I deeply appreciate The VUU taking time to begin a conversation about Earth-Centered UUism. I would love to see more of these types of conversations as there are many aspects of our Sixth Source manifesting in the hearts, minds and lives of Unitarian Universalists all over the world!
A great reminder that we have SIX Sources. The sixth is not merely an add on, rather, it is meant to be an integral part of our Living Tradition. I believe each source is meant to be active and accessible… and accepted. Yet, the whole of our sources are often left out of (or showing up more than moderately-diluted in) our “religious” services in exchange for the secularization that affirms our justice and social action principals with the reciting of profound logical quotes, psycho-political analysis, and calls to action for public witness on behalf of the most popular claimed causes.
I wonder what our Faith would look like if we went to Church on Sunday mornings (or Wednesday afternoons, or Friday evenings – – or each of these times every week) to be transformed? I wonder how many of our children would remain active members in our Faith Tradition if they were included in our now mostly adult services, rather than segregating them and hosting only a few intergenerational gatherings each year? I wonder if those among us who are taking up the mantles to be active in social justice activities would have more strength to do so if fortified by spiritually-centered community practices?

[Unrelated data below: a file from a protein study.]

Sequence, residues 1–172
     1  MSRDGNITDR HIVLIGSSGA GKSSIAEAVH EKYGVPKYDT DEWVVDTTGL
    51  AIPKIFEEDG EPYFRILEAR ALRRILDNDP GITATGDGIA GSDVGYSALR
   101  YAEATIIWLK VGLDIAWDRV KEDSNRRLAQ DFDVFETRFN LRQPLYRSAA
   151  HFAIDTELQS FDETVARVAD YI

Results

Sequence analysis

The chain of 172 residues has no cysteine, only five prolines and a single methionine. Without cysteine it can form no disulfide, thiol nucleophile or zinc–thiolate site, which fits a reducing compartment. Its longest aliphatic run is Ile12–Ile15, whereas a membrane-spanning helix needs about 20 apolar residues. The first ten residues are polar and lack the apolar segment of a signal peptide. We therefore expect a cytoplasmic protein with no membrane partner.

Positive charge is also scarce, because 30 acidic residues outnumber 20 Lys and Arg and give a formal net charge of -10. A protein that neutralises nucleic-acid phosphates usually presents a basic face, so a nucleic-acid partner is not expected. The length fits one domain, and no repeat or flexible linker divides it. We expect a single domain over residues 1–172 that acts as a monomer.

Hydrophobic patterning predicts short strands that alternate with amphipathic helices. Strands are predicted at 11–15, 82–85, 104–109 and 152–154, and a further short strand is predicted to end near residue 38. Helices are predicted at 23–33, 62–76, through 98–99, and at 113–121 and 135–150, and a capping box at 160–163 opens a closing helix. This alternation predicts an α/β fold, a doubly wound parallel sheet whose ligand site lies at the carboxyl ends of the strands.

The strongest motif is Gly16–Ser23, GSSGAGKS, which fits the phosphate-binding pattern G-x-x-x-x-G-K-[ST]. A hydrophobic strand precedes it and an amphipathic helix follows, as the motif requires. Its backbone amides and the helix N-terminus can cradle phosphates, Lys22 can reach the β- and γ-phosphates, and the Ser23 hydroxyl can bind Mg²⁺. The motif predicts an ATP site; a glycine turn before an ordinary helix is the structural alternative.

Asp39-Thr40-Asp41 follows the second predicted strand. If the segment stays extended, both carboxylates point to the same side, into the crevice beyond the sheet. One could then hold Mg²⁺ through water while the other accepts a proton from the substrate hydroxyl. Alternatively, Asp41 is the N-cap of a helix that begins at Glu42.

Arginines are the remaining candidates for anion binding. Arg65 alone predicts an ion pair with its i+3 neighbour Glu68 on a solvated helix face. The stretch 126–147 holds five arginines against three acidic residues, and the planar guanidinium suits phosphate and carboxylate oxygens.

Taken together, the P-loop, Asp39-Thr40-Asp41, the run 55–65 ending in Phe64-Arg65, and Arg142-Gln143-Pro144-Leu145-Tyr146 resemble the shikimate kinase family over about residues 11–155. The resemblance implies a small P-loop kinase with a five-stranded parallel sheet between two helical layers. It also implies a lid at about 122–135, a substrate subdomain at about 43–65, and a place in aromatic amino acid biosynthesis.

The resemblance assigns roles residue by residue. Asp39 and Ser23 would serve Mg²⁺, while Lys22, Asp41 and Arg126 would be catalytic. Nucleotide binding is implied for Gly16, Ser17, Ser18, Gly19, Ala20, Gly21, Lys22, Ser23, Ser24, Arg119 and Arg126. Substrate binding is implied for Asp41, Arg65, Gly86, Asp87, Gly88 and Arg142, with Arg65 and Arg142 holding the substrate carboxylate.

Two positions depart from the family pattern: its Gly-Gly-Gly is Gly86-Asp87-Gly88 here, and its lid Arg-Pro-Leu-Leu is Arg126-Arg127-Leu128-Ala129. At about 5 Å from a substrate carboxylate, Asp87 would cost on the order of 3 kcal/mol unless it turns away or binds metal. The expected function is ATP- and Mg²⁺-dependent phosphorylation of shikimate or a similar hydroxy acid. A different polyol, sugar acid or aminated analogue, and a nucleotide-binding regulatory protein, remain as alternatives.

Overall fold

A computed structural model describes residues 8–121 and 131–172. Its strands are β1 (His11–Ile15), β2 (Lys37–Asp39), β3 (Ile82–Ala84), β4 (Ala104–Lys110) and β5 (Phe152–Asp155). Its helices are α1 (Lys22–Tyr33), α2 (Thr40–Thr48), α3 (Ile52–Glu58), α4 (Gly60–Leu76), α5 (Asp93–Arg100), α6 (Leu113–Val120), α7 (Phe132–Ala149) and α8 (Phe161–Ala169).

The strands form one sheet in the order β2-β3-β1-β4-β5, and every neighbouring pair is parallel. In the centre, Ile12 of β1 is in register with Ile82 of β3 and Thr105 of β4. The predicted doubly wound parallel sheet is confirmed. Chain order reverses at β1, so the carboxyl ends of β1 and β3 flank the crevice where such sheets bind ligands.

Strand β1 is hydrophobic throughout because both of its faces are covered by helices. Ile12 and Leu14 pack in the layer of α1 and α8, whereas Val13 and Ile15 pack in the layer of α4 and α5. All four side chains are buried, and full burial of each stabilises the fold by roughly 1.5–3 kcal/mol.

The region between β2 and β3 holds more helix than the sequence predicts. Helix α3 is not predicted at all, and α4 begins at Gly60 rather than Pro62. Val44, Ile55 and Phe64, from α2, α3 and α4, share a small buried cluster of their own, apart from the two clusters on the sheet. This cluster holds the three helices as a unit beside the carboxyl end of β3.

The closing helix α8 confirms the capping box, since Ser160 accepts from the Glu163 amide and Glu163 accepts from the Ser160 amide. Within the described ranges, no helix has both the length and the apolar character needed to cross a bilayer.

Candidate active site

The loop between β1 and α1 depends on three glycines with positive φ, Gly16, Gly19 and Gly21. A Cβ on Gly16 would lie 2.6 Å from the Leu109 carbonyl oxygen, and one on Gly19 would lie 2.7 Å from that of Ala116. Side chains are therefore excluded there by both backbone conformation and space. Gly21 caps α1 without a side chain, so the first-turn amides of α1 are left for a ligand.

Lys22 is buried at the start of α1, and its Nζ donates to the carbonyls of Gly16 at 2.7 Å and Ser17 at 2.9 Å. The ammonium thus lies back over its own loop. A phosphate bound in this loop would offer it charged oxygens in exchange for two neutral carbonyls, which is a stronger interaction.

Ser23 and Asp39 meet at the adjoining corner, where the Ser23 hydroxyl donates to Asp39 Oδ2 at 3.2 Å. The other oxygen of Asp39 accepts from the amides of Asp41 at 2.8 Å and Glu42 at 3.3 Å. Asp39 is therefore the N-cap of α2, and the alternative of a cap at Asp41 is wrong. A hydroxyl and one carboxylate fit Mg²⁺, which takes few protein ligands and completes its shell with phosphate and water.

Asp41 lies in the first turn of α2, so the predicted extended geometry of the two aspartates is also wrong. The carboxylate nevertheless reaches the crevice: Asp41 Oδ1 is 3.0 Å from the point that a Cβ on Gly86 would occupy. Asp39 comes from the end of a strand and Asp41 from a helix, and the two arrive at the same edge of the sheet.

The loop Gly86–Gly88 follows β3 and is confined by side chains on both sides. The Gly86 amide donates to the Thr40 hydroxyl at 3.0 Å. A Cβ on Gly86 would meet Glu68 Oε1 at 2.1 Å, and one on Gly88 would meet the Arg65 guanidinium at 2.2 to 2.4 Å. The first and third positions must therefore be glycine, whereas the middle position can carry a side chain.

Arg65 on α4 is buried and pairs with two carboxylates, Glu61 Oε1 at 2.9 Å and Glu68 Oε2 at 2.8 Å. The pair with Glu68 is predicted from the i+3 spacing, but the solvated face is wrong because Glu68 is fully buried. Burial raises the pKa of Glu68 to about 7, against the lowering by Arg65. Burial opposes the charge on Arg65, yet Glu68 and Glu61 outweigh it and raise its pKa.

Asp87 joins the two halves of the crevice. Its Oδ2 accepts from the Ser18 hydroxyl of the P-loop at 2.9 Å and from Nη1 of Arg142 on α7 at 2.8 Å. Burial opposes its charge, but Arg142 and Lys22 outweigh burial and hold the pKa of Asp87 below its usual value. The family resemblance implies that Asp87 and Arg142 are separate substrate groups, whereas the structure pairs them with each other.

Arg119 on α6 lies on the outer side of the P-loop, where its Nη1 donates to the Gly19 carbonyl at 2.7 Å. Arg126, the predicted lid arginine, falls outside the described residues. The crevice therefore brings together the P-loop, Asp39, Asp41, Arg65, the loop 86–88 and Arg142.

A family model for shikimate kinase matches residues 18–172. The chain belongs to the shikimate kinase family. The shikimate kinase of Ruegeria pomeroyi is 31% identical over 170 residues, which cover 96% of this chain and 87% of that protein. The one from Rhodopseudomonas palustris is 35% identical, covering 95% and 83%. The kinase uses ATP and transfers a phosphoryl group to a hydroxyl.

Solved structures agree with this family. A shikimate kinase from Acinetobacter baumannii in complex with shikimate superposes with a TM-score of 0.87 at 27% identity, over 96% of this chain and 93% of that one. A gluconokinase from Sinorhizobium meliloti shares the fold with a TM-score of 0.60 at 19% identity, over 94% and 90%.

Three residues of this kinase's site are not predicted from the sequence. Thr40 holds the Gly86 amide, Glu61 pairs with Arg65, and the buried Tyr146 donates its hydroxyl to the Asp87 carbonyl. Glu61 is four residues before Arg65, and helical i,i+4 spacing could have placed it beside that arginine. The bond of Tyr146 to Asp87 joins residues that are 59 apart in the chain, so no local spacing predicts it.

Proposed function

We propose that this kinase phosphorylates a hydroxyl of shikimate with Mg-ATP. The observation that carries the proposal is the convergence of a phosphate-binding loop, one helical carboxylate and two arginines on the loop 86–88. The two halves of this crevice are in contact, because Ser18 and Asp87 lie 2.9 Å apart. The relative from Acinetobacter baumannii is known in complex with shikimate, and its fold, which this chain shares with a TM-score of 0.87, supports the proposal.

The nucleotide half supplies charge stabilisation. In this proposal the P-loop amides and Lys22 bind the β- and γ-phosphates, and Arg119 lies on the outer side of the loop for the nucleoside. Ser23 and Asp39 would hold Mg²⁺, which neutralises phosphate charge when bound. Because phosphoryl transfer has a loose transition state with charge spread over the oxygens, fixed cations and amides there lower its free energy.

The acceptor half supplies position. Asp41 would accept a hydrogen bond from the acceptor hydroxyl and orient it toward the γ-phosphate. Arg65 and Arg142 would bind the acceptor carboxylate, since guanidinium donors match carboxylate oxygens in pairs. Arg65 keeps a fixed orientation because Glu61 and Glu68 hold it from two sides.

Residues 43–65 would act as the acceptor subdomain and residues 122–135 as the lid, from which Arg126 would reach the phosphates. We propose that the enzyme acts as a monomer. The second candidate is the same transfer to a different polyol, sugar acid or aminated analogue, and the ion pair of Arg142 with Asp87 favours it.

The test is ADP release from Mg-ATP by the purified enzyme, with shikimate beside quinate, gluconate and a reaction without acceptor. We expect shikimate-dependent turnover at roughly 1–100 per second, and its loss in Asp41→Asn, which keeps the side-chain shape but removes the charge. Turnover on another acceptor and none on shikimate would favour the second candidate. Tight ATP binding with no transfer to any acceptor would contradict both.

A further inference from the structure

I suspect we would be stronger and more united in The Beloved Community if our worship services were rooted in the kinds of rituals, liturgy and ceremony found within the sources we are called to draw our faith from. There is so much benefit to be derived by incorporating authentic ritual into our services as well as including our children in the practice of worship. I believe there to also be benefit in having group-identified places of gathering, sharing and nurturing such as found within the sacredness of affinity and covent groups, as well as youth camps, etc. Yet to completely segregate our children from the core religious services seems at odds with our motto of “inclusion.” And in opposition to expressed desires for our children to claim this Faith as their own when they advance into maturity. If we want to pass the torch of the Unitarian Universalist Faith Tradition to the next generations, we need to include them in the Unitarian Universalist Faith Tradition.
I also am grateful that Catharine named the Women’s movement as pivotal to bringing our Sixth Source to life in our Living Tradition.UU Women and Religion (UUWR) is still active and accessible, dedicated to lifting up Women’s spirituality in our faith, preserving archives, creating curriculum and programs that honor our lived experiences of the divine.
I encourage you to join Catharine’s The Way of the River Facebook group – – and be prepared for how special Mondays are as group members are prompted to share “Beloved Selfies”: a beautiful way to witness and honor each other where ever we are in the world and on our journeys.
Friends, join us as we do something to give back to those on military deployment.
We are hosting a night to create and assemble items to be included in Care Packages for our active duty military women and men on deployment.At Twinkle’s Place we will be mixing up sugar scrubs, making clay talisman, and making greeting cards.
Some will be bringing handmade items like crocheted washcloths and goats milk soap (Thank you Waggin’ Tale Farm). Others plan to contribute books, poems and artistry.
Yes, the theme for the care package is all about pampering these women and men. If you have something you would like to contribute to the care packages, please join us!
If you cannot attend, please feel free to drop something by this week.